Second, on the mundane family front, I received some rather surprising news today. My OBGYN scheduled an early ultrasound (I'm only 3 months pregnant) to double check that everything was normal. I was larger than he thought I should be. With good reason. I'm carrying twins! I'm still getting over the overwhelming shock. Other than there being two, however, everything is progressing well- they are both healthy.
On the garb front, I've made some major modifications to my project pile this week spurred by a re-evaluation of my persona goals. It took me almost 12 years to settle on a persona, which is not bad considering that some SCAdians never do, but over the past 2 years since making that choice, I haven't been too serious about it. I had a couple moments of personal realizations after the event last week that reminded me that I've been lax to commit to my chosen persona. This is not to say that I haven't made any effort (my recent research into the fitted dress, recreations of certain 15th century headwear are good examples), but I had failed to compare my projects against the goals my persona required.
I think anyone could benefit from this lesson- especially those out there who are struggling to find their identity. If you can take a good look at your chosen persona and say, without any reservation, that you want people to recognize you as that persona, that is your goal. In other words, make it your goal to attend any event and have someone know who you are because you have displayed your persona so well, you are unmistakable. For instance, if someone is told to look for you, and given the description that your persona is a 12th century Norman pilgrim- it should be no problem for them to find you.
Now, this isn't to suggest that this is an obtainable goal for everyone. Certainly, it's easier to spot unique personas than the ubiquitous 14th century French woman, but the idea still applies. Even if you're one of 25 people doing a similar persona, that still narrows the field. And if you strive to do it accurately, that's one more point in your favor. Now you're not just "So-n-so who usually wears a cotehardie:, you're "So-n-so, who does really good 14th century cotes". Wouldn't you rather be the later?
So my persona goal is this: to be recognized as a Flemish, middle-class, mid-15th century woman. This goal requires something very specific: the look that identifies me as such. What this also means is that I need to clearly define my persona. For my persona, "middle class" refers to particular level of woman. Edyth is wealthy enough, to be able to rub noses with other, possibly more wealthy, middle class women, lives comfortably, but still runs her household and rolls up her sleeves when the work needs to be done. To use today's term, Edyth is lower-middle class. This requires two types of garb- one set for daily housework, the other for social occasions. I identified some specific examples of each of these that I'd like to recreate.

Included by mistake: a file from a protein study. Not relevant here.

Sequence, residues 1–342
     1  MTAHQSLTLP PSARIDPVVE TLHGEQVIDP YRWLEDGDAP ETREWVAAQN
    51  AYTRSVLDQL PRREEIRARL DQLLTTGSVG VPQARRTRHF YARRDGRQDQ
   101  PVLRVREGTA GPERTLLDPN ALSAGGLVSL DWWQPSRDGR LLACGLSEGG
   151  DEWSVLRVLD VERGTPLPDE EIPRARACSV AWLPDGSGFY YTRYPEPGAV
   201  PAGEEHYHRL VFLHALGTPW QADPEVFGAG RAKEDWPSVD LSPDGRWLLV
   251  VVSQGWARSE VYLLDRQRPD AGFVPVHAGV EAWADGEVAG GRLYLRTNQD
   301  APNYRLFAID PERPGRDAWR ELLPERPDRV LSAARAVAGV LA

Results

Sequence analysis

Lower Class Over Gown
There are a pretty good number of images, mostly from manuscripts, that show this particular type of lower class dress (this image is from a 15th century manuscript of the Comedies of Terence.) The dress in not entirely like a fitted dress- it has a fuller skirt at a higher point, which creates a highlight to the belly, where the dress is bunched up above the belt. It is also almost always shows with the front of the skirt pulled up and tucked into the belt, and the long sleeves rolled or pushed up. This particular image shows just a long smock underneath, but I have seen this dress worn over fitted kirtles as well.
Side-Laced Fitted Kirtle
I particularly like this example from Rogier van der Weyden's St. John Altarpiece (c. 1453) of a fitted kirtle with a waist seam. This one doesn't show the lacing at the sides, but there are a large number of examples by this same artists and around this same time that do show it, so for the sake of argument, I'm suggesting that this kirtle laces up the side we can't see. This is also a lower class gown, seen on servants or others of the "working" class (or shown on biblical figures that may or may not fall into the category). Though this particular detail image doesn't show it too well, the dress is completely lined in black, girdled the same way as the other lower class dress, and sporting a similar sleeve style- push or rolled up. It doesn't appear to have buttons, though the fitted kirtle underneath clearly does. This also has a squarish neckline.
Despite my reservations about her headdress, I've always liked the gown in this image (The Magdalen Reading, also by van der Weyden, c. 1438). This is just one example of the middle class houpplande that I call "relaxed", because it is generally shown with the v-neckline slightly untightened. There are two versions of this type of gown I have seen- one with a solid-colored kirtle and a patterned lining to the houpplande (with furt trim), and one like this, with a patterned kirtle and a completely fur-lined houpplande. I prefer the former, mainly because I can't see myself wearing a completely fur-lined dress, much less making one. This particular surcote would be worn for social or special occasions by my persona, rather than daily housewear.
These three dresses are just the start. I have a long list of additional fitted kirtles, a few other formal surcotes and new underpinnings to go along with them. I'm not sure which of these is the first on the pile, though, as I need materials for all of them. Fitted underkirtles, however, will probably take up the majority of my time to start- I have at least 3 planned already.
Of course, we'll have to see what twins do to my girlish figure before too much longer....